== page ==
Technology is only now getting to a point where all of the data points that make up a person’s financial picture can be collected and analyzed. We have within our reach the means to collect and mobilize the financial footprint of the whole world. This new capability holds enormous potential to add value to the global economy and empower millions of previously overlooked people as true citizens of the financial world.

Current value is capped at only 10%

Despite its enormous potential, the value of open financial data today is capped at just 10% of its potential. But what exactly prevents stranding from releasing the rest of this value?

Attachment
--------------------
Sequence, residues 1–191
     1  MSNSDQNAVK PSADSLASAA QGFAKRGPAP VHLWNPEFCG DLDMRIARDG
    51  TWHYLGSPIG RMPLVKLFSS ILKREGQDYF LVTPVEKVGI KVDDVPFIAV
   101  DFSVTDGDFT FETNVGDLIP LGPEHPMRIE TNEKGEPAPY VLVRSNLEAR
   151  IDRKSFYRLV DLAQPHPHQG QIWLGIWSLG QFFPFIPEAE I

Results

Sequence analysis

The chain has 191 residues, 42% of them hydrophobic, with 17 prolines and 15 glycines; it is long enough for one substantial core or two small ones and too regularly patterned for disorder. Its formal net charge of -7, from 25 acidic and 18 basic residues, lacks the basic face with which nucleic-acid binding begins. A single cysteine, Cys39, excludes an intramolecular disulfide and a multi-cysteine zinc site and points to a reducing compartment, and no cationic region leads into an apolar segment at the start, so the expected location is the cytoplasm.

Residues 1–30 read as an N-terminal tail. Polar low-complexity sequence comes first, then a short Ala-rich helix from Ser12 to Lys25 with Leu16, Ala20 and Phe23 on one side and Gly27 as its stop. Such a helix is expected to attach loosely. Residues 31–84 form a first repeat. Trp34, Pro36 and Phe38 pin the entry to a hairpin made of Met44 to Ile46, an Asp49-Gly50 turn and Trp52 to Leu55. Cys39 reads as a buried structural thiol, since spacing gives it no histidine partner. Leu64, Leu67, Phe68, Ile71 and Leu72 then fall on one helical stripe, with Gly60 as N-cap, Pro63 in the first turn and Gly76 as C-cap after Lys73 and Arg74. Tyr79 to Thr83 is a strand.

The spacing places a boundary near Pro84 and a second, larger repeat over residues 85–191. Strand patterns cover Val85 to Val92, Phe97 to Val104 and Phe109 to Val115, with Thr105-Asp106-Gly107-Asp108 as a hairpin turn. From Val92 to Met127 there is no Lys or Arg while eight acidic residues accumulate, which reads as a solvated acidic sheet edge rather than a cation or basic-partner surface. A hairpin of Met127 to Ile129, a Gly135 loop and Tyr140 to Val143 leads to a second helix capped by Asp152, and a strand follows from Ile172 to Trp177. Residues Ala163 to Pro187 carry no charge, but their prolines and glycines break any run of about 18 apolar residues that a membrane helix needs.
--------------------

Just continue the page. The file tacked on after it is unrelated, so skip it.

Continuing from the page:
First, access to data comes at a price. Although access to financial data is free under PSD2, ultimately it is not at all for the end customer. Consequently, far fewer developers and companies are able to create new fintech services that compete with large retail banks, and the benefits of access to financial data cannot be maximized. The price barrier limits innovation. Keeping data costs close to zero is key to unlocking many more use cases.

Second, the data sharing mechanism has not yet been standardized. Although PSD2 stipulates that highly standardized APIs be used for payment data, data privacy regulations restrict access to other forms of financial data. Therefore, only a low to moderate level of economic value is accessible with the current data sharing mechanism. Since APIs are the most secure way to access financial data, their standardization is the way forward to exploit their full potential.